Quantum dots made from cadmium and selenium degrade in soil, unleashing toxic cadmium and selenium ions into their surroundings, a University at Buffalo study has found.
Fires raging in central Africa are generating a high amount of pollution that is showing up in data from NASA's Aura Satellite, with the ominous shape of a dark red butterfly in the skies over southern part of the Democratic Republic of the Congo and northern Angola.
General Motors and OnStar will a pilot of smart grid solutions for electric vehicles this year, paving the way for utilities to increase energy-efficiency and offer lower charging costs to customers.
IEEE International Electric Vehicle Conference (IEVC) organizers are seeking technical papers on the technology, standards and engineering of electric vehicles.
Camp Clearwater Enterprises Inc. will pay $38,000 for illegally filling wetlands on its property in White Lake, N.C., in violation of the federal Clean Water Act.
Taking another major step in sleuthing the 2010 Deepwater Horizon oil spill, a research team led by the Woods Hole Oceanographic Institution (WHOI) has determined what chemicals were contained in a deep, hydrocarbon-containing plume at least 22 miles long that WHOI scientists mapped and sampled last summer in the Gulf of Mexico, a residue of the Deepwater Horizon oil spill.
Large, marine-calving glaciers have the ability not only to shrink rapidly in response to global warming, but also to grow at a remarkable pace during periods of global cooling, according to University at Buffalo geologists working in Greenland.
A new study by two of the nation’s top consulting organizations that demonstrates Houston’s impressive record at creating environmentally responsible “green jobs” helps spotlight the contributions of Greenstar Recycling.
Tenaris Global Services Corp., a manufacturer and supplier of steel pipe products for the oil and energy industry, has agreed to pay $717,324 of civil penalties to the United States to settle violations of environmental regulations at seven facilities related to the public reporting of toxic chemicals at its facilities in Louisiana, Texas and Arkansas.
The findings were reported in a special issue of the Earth, Planets and Space (EPS) journal. The research was sponsored the National Science Foundation (NSF) and by the Southern California Earthquake Center (SCEC).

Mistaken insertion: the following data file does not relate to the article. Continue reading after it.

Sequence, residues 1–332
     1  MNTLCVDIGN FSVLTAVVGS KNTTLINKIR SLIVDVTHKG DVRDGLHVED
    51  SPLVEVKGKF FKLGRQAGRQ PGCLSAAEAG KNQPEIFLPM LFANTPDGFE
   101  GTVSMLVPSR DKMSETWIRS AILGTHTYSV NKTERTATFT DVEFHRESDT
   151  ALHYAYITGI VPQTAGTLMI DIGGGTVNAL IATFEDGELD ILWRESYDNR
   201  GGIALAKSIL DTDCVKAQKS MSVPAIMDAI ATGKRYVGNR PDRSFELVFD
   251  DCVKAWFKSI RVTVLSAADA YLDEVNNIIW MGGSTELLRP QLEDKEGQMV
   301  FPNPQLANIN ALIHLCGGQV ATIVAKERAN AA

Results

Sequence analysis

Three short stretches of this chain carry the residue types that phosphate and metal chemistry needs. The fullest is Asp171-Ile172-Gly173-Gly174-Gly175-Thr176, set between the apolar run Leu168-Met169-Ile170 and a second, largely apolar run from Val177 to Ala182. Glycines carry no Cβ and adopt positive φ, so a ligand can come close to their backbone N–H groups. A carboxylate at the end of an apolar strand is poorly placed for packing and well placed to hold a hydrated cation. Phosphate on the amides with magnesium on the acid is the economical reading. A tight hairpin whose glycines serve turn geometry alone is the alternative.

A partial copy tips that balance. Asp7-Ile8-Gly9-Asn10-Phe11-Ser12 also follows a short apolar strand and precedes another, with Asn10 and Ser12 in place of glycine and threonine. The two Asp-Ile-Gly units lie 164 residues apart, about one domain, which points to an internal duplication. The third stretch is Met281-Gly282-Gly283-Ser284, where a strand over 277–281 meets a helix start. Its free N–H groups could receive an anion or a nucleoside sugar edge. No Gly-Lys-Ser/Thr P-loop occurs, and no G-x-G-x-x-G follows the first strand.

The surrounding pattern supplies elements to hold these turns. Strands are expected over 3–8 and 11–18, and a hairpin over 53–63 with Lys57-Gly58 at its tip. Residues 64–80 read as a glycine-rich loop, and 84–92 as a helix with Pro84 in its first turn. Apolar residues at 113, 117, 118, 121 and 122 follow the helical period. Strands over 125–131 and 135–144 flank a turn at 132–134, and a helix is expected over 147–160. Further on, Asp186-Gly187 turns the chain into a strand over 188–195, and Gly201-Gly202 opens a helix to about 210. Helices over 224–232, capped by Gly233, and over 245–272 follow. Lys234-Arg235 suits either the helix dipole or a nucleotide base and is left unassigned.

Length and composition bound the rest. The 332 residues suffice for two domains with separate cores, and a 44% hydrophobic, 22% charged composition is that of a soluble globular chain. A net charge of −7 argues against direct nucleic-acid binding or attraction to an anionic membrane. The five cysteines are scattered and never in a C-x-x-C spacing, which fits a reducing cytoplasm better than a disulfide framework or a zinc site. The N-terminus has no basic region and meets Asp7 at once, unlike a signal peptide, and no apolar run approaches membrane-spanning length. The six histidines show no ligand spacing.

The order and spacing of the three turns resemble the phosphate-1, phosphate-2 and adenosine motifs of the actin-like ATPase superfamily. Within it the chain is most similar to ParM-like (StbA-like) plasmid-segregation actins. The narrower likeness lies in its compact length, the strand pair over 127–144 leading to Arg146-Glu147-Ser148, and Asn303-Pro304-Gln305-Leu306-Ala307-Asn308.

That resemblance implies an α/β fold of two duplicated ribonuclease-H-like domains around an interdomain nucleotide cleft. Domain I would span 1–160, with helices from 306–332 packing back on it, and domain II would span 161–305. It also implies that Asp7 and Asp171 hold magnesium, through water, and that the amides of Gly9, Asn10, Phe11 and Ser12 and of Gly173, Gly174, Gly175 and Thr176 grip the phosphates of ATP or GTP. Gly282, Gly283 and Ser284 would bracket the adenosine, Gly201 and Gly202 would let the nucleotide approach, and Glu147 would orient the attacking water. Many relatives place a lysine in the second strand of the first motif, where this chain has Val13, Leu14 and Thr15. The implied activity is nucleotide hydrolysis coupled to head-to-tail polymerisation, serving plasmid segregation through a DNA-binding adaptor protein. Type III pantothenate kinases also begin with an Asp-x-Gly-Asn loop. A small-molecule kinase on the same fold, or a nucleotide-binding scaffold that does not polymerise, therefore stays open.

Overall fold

Forecasters are predicting this week’s heat wave to be one of the hottest this summer, as mercuries rise across the country.
We recently spent some time with the Samsung Replenish smartphone from Sprint and found it to be a solid option for an entry-level phone, especially one that leaves a smaller footprint on the environment.
- By Laura Williams
- Jul 18, 2011
Texas' new hydraulic fracturing disclosure law – recently signed by Gov. Rick Perry – demonstrates that states and oil and gas producers can work together to increase public confidence in the industry as it develops abundant, cleaner-burning natural gas resources, said G. Steven Farris, chairman and chief executive officer of Apache Corporation, an oil and gas exploration and production company .
The court ruled in favor of the City of Manhattan Beach, paving the way for the city's ban on plastic bags to go into effect.
The Wildlife Conservation Society has discovered a surprisingly healthy population of rare snow leopards living in the mountainous reaches of northeastern Afghanistan's Wakhan Corridor, according to a new study.
A combination of two ordinary materials – graphite and water – could produce energy storage systems that perform on par with lithium ion batteries, but recharge in a matter of seconds and have an almost indefinite lifespan.
Fuel cells are used in the space shuttle as one component of the electrical power system, so perhaps it was appropriate that a hydrogen fuel cell-powered mobile lighting system could be seen on the grounds of the Kennedy Space Center as the Space Shuttle Atlantis launched into space last week, the 135th and final mission for the NASA Space Shuttle Program.
Researchers from Texas A&M University have returned from a trip to examine the scope and size of this year’s “dead zone” in the Gulf of Mexico and have measured it at about 3,300 square miles, or roughly the size of Delaware and Rhode Island combined. Some researchers anticipate it becoming much larger.
In the Science journal, a review paper titled, “Trophic Downgrading of Planet Earth,” concludes that the decline of large predators and herbivores in all regions of the world is causing substantial changes to Earth’s terrestrial, freshwater and marine ecosystems.
Trees absorb carbon dioxide from the atmosphere to grow, so forests have long been proposed as a way to offset climate change.